After arresting the fifteen-year-old student, authorities charged the aggressor, Ethan Crumbly, with one count of terrorism and four counts of first-degree murder. On Dec. 3, Oakland County Prosecutor Karen D. McDonald later charged Crumbly’s parents with involuntary manslaughter, as they concluded they assisted in the incident by purchasing their son a handgun.

The Prosecutor Karen D. McDonald charged Crumbly as an adult rather than a juvenile. As a result, Crumbly could receive a sentence of life in prison. McDonald explained that they had written, recorded and witnessed evidence that Crumbly had preplanned the shooting. Crumbly’s lawyers have claimed “not guilty.”

However, investigation of the incident does not stop at Crumbly and his parents. Oxford Schools district superintendent has informed parents and staff that they will be conducting an investigation of all those associated with the school who may have connections to what led up to the event.

One of the parents of some of the student survivors is also filing a lawsuit against the school for $100 million, explaining that the school had violated the 14th amendment “equal protection of U.S. citizens” and some Michigan laws as well.

In response to Oxford’s sense of responsibility Willow Nutt (‘25) said, “I think Oxford could have taken better precautions. There were several clear signs that the kid was a danger to himself and the school. They actively chose to ignore it, putting the community at risk. Oxford needs to look more into how to address these situations before they happen rather than after.”

As of now, the investigation on Crumbly, the parents of the student and the school are still on-going. Crumbly is being held in an adult jail with no bond. His trial will be revisited within the coming weeks.

In the wake of the fear and caution that these school shooting events can incite, fifteen school districts in the area closed for at least one day. Schools such as Bentley Community Schools even tightened safety restrictions and created more strict lockdown preparations. It is one way in which the school helps transition their students into a comfortable learning environment as they return from online learning.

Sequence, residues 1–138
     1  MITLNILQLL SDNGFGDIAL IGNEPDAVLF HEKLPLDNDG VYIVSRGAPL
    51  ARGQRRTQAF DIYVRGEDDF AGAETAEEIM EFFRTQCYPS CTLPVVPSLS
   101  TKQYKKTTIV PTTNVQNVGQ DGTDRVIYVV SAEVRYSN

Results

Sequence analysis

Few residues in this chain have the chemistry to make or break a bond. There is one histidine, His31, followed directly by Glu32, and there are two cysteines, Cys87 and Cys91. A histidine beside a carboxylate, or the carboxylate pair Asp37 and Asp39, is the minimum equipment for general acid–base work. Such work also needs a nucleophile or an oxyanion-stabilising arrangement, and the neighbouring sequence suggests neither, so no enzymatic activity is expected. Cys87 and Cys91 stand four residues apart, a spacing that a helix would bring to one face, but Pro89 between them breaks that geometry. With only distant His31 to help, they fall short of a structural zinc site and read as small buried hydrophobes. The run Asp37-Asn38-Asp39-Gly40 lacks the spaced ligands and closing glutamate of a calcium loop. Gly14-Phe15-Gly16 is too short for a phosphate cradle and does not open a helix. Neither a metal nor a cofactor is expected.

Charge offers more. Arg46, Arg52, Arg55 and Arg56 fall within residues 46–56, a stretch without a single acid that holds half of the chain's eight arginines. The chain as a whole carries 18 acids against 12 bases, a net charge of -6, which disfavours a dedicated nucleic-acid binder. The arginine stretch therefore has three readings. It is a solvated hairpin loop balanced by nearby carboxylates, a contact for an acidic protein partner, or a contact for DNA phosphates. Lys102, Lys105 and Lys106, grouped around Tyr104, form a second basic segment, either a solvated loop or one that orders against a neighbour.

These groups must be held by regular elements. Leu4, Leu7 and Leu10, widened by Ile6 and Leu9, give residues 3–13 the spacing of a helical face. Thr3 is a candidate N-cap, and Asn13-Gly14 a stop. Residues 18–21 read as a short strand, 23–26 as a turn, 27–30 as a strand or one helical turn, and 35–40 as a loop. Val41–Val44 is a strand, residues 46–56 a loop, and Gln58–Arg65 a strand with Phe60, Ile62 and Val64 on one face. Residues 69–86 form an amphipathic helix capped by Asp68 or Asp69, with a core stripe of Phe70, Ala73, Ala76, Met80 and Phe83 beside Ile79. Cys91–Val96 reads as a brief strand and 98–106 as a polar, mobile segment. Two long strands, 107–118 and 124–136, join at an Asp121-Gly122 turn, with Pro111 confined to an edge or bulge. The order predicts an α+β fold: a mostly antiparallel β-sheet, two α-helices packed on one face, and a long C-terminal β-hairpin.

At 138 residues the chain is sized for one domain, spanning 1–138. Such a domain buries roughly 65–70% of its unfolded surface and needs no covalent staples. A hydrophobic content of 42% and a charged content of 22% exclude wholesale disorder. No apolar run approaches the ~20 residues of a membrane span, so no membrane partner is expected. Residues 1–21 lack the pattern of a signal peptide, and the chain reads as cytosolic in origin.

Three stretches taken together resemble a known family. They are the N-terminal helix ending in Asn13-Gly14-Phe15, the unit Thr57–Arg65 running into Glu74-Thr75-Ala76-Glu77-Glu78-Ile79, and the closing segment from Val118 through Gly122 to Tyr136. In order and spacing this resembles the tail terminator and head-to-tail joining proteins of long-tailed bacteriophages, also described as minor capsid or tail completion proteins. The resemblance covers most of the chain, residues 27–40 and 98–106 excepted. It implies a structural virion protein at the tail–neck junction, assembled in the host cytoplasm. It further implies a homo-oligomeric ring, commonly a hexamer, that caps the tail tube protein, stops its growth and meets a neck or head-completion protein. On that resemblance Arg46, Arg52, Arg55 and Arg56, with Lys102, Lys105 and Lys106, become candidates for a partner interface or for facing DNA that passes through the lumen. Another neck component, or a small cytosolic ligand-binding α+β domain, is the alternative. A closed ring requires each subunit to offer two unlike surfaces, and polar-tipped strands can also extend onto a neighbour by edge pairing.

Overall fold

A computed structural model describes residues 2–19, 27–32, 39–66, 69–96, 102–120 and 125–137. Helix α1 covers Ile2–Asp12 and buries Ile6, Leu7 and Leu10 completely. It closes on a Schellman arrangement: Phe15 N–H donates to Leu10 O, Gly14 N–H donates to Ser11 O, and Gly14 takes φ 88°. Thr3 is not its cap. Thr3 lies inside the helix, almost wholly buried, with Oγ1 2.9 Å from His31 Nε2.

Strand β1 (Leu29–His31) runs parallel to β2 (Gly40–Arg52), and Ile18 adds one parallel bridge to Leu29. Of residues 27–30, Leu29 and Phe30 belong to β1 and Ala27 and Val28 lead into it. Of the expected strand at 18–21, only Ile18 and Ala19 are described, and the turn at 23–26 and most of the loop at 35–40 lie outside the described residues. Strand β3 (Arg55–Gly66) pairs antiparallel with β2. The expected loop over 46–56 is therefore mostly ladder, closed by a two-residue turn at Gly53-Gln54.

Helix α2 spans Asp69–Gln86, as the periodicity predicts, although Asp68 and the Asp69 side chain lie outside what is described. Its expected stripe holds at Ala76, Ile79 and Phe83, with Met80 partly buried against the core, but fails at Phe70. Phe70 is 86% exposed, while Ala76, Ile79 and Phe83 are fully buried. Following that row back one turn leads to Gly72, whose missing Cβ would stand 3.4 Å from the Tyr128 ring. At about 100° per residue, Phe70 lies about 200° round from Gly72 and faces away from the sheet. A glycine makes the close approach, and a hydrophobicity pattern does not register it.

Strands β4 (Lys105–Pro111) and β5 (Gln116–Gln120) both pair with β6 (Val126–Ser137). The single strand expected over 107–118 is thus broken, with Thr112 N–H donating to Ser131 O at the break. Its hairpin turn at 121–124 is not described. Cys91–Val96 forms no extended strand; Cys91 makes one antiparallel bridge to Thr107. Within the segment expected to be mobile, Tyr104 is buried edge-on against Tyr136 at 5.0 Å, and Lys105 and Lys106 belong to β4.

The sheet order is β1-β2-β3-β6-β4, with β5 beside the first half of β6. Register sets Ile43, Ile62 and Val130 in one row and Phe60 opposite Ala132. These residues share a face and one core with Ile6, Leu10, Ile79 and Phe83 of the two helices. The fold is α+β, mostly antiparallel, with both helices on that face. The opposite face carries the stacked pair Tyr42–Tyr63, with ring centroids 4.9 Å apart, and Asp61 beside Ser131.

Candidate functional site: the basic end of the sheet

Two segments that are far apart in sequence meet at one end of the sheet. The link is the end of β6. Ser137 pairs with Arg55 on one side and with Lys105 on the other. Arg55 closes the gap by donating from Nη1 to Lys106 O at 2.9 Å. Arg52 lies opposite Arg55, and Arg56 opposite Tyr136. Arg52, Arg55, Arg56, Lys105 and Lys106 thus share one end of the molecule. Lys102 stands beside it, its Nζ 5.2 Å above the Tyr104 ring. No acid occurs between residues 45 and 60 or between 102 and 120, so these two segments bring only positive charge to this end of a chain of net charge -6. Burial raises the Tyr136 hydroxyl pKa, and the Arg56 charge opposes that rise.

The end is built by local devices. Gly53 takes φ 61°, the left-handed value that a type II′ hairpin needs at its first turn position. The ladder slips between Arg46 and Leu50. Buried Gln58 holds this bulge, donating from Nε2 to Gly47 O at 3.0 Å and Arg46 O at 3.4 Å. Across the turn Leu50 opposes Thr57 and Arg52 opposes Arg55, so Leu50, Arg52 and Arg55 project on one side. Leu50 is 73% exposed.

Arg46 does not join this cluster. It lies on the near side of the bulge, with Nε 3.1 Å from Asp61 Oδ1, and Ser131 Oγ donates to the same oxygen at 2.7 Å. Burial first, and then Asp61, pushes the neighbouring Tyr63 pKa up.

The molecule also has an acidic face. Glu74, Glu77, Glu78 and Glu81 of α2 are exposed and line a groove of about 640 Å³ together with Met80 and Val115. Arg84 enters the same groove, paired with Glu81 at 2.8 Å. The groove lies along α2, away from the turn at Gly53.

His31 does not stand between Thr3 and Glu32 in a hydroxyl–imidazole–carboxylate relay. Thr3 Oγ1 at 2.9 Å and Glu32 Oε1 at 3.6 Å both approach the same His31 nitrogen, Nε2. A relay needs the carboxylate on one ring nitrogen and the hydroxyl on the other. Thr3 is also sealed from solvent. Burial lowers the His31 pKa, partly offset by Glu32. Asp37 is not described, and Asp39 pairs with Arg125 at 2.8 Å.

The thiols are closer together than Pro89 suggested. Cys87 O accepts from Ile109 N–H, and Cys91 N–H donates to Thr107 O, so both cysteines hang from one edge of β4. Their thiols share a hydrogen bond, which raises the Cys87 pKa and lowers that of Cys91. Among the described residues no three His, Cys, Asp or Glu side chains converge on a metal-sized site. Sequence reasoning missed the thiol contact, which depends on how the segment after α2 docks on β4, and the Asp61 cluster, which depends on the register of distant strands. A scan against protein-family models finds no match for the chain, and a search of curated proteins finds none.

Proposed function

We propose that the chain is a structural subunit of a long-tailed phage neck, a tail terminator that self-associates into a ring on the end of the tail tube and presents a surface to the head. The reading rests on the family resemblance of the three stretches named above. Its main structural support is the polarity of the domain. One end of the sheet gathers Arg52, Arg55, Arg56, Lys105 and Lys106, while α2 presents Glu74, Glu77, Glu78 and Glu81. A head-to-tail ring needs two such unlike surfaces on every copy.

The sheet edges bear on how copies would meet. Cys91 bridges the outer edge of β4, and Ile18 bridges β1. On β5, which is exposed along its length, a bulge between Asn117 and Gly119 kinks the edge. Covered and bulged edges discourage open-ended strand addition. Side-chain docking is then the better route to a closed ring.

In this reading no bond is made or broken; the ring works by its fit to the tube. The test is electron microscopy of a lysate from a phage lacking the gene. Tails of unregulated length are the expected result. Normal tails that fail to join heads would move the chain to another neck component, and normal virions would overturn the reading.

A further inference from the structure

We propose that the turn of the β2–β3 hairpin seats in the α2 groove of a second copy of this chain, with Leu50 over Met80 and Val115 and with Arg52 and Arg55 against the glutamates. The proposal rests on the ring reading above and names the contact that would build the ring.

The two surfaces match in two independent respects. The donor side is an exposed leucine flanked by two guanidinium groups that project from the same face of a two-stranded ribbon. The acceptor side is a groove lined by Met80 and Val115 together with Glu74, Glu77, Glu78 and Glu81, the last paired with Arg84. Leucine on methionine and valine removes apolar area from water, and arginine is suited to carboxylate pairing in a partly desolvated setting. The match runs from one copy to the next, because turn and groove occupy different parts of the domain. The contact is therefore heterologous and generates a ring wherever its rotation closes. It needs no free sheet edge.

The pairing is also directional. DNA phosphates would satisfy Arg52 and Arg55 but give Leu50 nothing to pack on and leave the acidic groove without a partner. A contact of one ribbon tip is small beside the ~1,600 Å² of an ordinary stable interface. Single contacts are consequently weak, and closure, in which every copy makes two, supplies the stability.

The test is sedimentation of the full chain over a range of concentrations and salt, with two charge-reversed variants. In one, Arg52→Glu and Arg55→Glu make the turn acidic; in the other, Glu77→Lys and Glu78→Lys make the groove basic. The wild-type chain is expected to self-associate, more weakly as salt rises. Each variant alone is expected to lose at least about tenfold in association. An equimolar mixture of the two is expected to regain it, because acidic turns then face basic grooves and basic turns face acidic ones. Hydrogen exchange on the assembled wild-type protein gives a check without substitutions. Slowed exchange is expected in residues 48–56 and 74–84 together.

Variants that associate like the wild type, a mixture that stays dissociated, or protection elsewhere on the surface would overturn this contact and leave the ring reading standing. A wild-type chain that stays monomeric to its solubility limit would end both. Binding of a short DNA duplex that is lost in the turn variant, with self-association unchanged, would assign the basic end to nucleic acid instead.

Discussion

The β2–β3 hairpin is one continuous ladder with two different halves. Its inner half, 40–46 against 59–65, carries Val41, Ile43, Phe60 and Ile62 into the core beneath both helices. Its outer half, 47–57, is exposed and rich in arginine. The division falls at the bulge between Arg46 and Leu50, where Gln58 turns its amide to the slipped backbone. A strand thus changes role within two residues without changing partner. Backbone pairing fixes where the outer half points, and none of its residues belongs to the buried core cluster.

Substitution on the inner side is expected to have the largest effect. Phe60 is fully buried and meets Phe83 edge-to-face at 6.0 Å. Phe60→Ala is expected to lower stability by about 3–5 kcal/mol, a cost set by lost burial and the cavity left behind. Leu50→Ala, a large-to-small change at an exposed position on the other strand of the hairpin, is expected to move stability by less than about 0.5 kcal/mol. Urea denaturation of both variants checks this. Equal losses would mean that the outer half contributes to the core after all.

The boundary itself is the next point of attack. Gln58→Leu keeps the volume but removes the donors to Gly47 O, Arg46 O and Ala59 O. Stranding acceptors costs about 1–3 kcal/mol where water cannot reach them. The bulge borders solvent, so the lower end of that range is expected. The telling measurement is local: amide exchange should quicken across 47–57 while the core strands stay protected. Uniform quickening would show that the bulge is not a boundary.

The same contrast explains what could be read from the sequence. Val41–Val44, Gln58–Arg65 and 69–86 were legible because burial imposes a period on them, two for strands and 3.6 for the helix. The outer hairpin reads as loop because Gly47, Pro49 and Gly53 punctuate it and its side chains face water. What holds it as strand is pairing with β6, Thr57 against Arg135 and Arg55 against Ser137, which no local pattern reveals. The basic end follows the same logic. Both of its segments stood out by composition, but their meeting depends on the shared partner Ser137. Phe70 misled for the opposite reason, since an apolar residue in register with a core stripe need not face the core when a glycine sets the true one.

Alma College student MiShaye Hearn (‘24) said, “It is sad that we have to have school shooter safety precautions on top of Covid-19 restrictions, because school is a place for learning, not a place students should fear. It is difficult having to watch your back with your fellow peers.”

Update on return to campus this semester / Things to remember for Winter Semester

1/19/22

Campus

Zach Carpenter, Staff Writer

With the winter semester entering its third week, students are settling in to being back on Alma College’s campus. The current semester began amid a wave of concern among students regarding the spread of the Omicron variant of COVID-19.

Alma College assured students at the beginning of the semester that classes would remain in person and updated COVID-19 policies would be strictly enforced to ensure students remain safe while attending class, as well as living on campus. There were multiple updates to the campus guidelines offered at the start of this semester.

Some updates included students, regardless of vaccination status, needing to be tested for COVID-19 if exposed twice in five days and those same students being required to wear masks when around others during that five day period.

Additional guidelines include small housing guests being capped at one guest per house resident and a continuation of requiring guests to wear masks when in common spaces.